Marvin Anderson was driving an 18-wheel semi-truck in rush-hour traffic when he received the call he had waited years to hear.
He pulled over, got out of the truck and started dancing for joy on the side of the road when he was told that DNA evidence had been found that proved he had been wrongfully incarcerated for 15 years.
Anderson, now 58, shared his story Thursday night during a Mob Museum event titled “Righting Wrongful Convictions: DNA and the Innocence Project.”
“A lot of people in our society today, they still don’t believe that innocent people go to prison,” Anderson said.
In 1982 when he was 18, Anderson was convicted of rape, abduction and robbery by an all-white Virginia jury. He was sentenced to 210 years in prison.
“People also have to realize that what happened to me can happen to anyone on any given day,” Anderson said.
A white woman raped by a Black man misidentified Anderson as her assailant. Anderson had no prior criminal history so police used a color photo of Anderson from his work ID badge and included it with five other black-and-white photos that were shown to the victim.
An hour after reviewing the photo spread, the victim identified Anderson in an in-person lineup. He was only person in the lineup whose picture was included in the photo spread.
Museum Director of Public Programs Shakala Alvaranga moderated a discussion with Anderson, who was joined on stage by Anton Robinson, a senior staff attorney in the Innocence Project’s strategic litigation department and a former public defender.
“There is nothing more sobering than to stand next to someone who you genuinely believe, based upon everything that you know about their case, that they are not guilty and to see a jury return a guilty verdict,” Robinson said.
During the trial, Anderson’s attorney refused to call the man who would later admit to committing the crimes to the stand.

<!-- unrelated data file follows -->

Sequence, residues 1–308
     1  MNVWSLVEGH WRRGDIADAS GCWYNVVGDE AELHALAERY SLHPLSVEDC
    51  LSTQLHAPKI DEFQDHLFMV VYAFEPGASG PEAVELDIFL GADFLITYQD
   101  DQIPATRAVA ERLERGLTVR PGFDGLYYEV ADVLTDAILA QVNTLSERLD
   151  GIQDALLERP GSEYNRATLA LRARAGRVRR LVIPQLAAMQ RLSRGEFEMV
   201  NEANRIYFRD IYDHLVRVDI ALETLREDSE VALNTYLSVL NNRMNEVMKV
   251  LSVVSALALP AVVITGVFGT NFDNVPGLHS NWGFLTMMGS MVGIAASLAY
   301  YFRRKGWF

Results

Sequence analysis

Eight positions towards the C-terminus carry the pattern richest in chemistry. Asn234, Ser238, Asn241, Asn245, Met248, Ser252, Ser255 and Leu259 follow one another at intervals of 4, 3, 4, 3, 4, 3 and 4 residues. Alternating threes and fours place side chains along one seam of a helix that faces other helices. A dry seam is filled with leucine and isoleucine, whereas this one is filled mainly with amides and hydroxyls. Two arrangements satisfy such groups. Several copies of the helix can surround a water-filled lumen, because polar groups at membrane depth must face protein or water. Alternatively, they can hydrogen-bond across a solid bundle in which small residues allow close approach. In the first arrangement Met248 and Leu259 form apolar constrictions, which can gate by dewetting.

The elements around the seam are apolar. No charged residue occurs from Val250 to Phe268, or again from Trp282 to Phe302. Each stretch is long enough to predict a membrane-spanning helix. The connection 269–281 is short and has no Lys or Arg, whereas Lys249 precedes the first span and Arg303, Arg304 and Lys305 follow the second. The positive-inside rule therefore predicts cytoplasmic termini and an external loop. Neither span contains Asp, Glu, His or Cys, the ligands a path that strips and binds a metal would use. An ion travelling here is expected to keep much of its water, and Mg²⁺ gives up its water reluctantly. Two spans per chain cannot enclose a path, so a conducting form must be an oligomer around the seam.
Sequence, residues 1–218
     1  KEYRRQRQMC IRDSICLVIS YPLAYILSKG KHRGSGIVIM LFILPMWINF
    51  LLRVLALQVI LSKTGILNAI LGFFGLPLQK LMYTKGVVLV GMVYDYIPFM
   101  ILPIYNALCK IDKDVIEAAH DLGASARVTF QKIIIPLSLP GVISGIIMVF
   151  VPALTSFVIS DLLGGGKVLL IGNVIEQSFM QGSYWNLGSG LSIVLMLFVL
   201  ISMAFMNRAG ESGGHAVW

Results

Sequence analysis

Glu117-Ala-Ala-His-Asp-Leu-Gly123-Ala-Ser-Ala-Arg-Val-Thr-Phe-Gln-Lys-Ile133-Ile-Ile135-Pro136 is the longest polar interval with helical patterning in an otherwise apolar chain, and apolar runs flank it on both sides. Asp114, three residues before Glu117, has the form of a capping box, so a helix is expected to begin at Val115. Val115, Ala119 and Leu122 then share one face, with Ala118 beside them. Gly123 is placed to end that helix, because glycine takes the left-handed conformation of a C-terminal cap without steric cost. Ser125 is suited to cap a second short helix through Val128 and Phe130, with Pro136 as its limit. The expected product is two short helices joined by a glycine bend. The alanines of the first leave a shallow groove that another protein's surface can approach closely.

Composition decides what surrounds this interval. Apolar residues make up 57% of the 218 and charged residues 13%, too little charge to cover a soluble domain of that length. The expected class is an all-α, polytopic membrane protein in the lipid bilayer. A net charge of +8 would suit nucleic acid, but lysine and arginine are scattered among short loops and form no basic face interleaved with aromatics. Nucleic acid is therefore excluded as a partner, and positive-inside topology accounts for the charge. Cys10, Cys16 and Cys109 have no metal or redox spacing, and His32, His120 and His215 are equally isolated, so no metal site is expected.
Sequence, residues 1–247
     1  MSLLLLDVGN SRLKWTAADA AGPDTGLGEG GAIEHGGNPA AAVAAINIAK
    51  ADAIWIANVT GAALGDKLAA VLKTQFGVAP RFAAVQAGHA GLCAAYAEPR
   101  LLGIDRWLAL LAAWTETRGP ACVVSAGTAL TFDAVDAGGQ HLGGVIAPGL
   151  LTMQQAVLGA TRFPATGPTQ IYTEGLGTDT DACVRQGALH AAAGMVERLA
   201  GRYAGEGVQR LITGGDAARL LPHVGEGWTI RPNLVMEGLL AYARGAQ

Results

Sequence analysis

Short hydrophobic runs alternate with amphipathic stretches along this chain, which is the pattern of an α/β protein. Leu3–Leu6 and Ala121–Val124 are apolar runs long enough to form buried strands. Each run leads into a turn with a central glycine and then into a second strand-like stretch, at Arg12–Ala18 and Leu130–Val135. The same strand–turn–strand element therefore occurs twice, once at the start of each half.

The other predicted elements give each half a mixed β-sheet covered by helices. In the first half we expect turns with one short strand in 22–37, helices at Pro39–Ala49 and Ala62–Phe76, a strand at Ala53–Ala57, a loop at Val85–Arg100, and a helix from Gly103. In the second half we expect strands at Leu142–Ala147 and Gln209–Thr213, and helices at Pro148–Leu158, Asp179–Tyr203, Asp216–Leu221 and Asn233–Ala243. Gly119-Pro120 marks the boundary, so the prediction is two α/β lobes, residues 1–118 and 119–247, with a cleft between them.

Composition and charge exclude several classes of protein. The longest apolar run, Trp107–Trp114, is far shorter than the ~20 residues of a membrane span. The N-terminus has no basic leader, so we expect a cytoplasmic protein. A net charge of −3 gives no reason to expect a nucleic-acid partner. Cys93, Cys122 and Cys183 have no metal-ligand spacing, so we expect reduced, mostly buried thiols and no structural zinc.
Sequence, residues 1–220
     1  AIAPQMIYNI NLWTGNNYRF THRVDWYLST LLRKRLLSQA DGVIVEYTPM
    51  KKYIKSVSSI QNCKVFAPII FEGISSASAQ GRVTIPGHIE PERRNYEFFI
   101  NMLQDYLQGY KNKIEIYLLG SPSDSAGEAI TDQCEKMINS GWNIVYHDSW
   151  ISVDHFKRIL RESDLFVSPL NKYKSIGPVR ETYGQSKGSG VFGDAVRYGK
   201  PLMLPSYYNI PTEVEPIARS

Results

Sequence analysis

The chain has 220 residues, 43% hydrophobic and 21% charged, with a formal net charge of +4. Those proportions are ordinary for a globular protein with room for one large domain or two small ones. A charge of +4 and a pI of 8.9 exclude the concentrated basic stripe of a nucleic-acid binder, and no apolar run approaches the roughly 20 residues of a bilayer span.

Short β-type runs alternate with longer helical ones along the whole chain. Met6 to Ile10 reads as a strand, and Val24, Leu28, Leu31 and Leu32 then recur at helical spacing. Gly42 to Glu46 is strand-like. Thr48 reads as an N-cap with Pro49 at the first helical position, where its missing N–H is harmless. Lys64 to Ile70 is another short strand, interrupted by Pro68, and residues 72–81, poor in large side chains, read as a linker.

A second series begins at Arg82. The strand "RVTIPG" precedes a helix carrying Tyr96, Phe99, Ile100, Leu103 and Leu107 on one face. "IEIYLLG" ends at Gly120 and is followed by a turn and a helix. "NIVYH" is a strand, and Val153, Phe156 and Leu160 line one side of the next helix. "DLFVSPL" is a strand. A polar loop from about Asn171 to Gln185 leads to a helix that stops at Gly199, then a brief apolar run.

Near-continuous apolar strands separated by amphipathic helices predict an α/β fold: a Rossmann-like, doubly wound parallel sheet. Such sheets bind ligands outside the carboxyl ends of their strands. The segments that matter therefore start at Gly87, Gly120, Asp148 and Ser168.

Anderson served 15 years in prison and then spent four years on parole.
“It’s important for us to be here today to ensure that everyone understands the causes of wrongful conviction and that we all do our part to do away with them if we can,” Robinson said.
Robinson said the Innocence Project, founded in 1992, works to free innocent people and make sure people are not wrongfully convicted in the first place.
“We work to create fair and equitable systems of justice for all of us. From people like Mr. Anderson and everyone,” Robinson said. “We should have a fair shake. If we’re going to call it justice, we should all have a fair shake.”
The Innocence Project took on Anderson’s case in 1994, and he was pardoned by Virginia Gov. Mark Warner in August 2002.
The DNA evidence that led to his exoneration was found in the notes of a Virginia criminalist who kept DNA samples from Anderson’s case. Tests of the samples excluded Anderson from being the perpetrator.
Robinson said approximately 15 percent of exonerations are because of DNA evidence. He said the leading factor leading to wrongful conviction is eyewitness misidentification, which is the cause in about 70 percent of wrongful convictions.
The Innocence Project looked at the first 375 people exonerated because of DNA evidence and found that those exonerated had served on average 14 years in prison. Of the first 375 people exonerated, 225 were Black, according to Robinson.
“We have to acknowledge that racial bias has an impact on the criminal legal system and the outcomes on the criminal legal system and we have to figure out very specific ways to deal with those,” Robinson said.
Access to DNA evidence and police files for review is a big step in being able to figure what led to a person’s wrongful conviction, he said.
Other common causes of wrongful convictions include police tactics that lead to false confessions and using forensics in a “non-scientifically defensible way” to mislead jurors.
Before his wrongful incarceration Anderson had been working to become a firefighter. After his release and exoneration, he became a firefighter and worked his way up to chief of the Hanover, Virginia Fire Department. He retired two years ago after serving as chief for 15 years.
Anderson serves on the board of directors for the Innocence Project.
“We have to keep fighting for this change,” Anderson said, “and that’s what I’m going to continue to do.”
Robinson said it is estimated that about 3 to 5 percent of people in prison were wrongfully incarcerated.
“If we think about the many millions of people that we have in prison today or convicted today, that still leads us to thousands and thousands of people who should not be in prison,” Robinson said.